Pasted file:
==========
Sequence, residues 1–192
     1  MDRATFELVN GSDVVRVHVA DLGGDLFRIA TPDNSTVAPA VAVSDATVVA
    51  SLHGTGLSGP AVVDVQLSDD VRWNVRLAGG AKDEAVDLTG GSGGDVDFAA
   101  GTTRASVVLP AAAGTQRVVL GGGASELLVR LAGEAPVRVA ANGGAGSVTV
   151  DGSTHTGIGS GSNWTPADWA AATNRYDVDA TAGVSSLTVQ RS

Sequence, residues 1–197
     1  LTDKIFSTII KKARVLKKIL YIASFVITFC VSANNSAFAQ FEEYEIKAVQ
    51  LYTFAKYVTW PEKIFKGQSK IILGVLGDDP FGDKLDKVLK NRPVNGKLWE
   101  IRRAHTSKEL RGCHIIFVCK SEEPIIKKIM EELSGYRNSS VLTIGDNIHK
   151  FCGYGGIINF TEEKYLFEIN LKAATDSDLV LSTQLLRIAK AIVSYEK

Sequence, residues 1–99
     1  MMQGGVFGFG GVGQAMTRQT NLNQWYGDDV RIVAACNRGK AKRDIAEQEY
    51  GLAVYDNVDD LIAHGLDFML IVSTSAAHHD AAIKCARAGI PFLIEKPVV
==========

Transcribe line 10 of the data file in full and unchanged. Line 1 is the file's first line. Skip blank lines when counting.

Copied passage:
   151  FCGYGGIINF TEEKYLFEIN LKAATDSDLV LSTQLLRIAK AIVSYEK